Astronomers Teddy Kareta from Arizona's Lowell Observatory and Matthew Knight of the US Naval Academy used the 4.1-meter Southern Astrophysical Research (SOAR) Telescope in Chile to capture an image of the vast plume of debris that emerged from the asteroid two days after impact.
The kinetic impact that resulted from the spacecraft crashing into the asteroid caused dust particles and debris, ejecta, to emerge into space. Studying the ejecta allows scientists to learn about the effects of the impact, such as if the asteroid changed course and about the nature of the asteroid's surface.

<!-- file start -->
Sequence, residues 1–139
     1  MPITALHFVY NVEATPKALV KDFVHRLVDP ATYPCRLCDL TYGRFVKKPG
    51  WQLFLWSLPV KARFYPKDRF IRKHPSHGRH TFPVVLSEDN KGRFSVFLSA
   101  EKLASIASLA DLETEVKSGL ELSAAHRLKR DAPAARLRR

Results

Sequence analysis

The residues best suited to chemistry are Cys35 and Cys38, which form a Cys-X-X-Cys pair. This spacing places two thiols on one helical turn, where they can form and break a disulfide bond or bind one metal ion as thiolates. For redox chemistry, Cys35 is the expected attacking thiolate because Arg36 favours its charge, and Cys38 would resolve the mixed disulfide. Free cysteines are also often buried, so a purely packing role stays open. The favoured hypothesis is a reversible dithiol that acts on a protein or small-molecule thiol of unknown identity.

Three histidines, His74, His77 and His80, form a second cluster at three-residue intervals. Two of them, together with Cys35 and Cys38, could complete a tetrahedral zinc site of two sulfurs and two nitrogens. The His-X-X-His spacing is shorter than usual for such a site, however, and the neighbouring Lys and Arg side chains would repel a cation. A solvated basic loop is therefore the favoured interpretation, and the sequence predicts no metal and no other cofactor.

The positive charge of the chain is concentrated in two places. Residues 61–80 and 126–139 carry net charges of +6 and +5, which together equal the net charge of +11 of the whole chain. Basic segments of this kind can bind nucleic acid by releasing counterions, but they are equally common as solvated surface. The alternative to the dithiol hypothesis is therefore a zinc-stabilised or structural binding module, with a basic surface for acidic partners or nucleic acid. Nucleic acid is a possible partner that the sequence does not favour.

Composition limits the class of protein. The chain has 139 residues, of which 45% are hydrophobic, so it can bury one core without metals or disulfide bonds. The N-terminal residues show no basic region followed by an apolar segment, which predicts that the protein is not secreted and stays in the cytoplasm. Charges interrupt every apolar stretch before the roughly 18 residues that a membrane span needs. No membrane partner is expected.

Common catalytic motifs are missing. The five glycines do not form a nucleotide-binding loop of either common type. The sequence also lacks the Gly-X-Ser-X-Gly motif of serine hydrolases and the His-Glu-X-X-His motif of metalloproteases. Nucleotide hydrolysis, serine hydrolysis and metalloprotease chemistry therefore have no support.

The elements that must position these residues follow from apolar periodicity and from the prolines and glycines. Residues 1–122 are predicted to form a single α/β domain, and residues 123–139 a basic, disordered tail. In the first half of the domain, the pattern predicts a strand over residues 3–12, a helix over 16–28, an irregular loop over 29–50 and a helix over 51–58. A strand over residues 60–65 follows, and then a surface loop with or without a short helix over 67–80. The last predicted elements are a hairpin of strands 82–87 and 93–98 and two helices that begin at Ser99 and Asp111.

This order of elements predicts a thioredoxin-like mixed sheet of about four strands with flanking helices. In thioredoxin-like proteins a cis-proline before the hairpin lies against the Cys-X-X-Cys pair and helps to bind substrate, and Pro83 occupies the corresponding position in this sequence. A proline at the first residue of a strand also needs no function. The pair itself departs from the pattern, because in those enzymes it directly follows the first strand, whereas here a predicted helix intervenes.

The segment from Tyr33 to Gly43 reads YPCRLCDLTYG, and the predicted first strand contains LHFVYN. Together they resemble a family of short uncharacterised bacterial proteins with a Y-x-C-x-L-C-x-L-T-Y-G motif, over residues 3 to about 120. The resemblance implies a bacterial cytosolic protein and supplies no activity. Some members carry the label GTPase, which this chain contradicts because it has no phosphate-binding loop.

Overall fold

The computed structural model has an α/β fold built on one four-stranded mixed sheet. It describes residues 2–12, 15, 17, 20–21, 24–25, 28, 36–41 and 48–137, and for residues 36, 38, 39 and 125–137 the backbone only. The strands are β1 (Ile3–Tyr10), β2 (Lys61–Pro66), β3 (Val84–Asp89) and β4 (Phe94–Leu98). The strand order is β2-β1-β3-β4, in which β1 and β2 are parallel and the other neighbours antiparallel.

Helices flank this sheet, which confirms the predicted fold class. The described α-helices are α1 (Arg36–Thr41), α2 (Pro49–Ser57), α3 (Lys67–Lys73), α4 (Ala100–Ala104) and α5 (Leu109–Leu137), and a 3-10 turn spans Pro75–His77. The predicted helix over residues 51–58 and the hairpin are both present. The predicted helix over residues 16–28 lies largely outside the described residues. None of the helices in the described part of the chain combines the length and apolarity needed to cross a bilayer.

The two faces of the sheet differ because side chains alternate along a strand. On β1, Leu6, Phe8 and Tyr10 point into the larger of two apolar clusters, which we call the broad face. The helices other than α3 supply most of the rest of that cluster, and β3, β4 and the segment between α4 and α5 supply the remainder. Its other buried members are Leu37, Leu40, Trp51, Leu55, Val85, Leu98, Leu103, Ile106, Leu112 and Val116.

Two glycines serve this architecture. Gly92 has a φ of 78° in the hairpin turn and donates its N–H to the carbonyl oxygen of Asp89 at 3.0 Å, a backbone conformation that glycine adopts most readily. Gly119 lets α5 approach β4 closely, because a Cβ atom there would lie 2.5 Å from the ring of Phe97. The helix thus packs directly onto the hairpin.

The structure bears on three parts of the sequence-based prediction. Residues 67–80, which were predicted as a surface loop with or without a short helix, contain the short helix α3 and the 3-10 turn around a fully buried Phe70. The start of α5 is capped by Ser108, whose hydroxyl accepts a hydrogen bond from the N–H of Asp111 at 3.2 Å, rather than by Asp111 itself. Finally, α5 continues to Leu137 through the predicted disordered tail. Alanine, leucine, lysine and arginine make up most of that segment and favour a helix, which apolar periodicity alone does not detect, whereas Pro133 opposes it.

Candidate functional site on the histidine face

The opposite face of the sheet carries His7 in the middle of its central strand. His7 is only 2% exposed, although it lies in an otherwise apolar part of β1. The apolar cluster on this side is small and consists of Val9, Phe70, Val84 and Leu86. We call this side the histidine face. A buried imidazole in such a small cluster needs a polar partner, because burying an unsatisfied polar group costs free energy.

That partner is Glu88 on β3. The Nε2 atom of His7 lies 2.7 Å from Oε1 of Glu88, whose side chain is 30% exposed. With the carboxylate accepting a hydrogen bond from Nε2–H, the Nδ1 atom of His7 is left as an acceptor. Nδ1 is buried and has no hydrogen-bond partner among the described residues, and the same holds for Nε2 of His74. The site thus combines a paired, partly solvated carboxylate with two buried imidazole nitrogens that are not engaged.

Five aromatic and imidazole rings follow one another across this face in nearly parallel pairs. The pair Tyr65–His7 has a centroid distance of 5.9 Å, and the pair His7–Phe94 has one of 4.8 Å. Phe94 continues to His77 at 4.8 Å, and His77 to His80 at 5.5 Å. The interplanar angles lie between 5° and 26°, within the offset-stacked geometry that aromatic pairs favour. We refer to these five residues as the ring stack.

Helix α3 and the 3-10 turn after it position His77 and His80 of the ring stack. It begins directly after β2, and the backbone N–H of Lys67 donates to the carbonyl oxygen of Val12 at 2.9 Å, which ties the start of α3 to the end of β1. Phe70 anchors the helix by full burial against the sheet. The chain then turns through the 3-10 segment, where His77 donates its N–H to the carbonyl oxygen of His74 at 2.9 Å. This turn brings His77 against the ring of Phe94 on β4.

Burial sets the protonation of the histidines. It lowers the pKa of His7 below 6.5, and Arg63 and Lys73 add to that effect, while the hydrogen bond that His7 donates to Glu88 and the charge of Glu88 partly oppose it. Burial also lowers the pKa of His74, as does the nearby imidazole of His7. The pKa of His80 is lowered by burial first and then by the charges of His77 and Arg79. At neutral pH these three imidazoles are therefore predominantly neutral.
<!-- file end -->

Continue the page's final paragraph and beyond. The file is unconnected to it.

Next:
"Now begins the next phase of work for the DART team as they analyze their data and observations by our team and other observers around the world who shared in studying this exciting event," said Knight. "We plan to use SOAR to monitor the ejecta in the coming weeks and months."
Although the first part of the mission, hitting the asteroid, was a success, the second part of the mission, observing the aftermath of the impact and seeing if the asteroid's path changed, is just as important to the mission's goal of preventing an asteroid from wiping out humankind in the future.
"You know, if you went up and you tried to move an asteroid to deflect it from hitting the Earth and it didn't move, that's not successful, right?" Carolyn Ernst, DART DRACO instrument scientist at Johns Hopkins APL, said to ZDNET.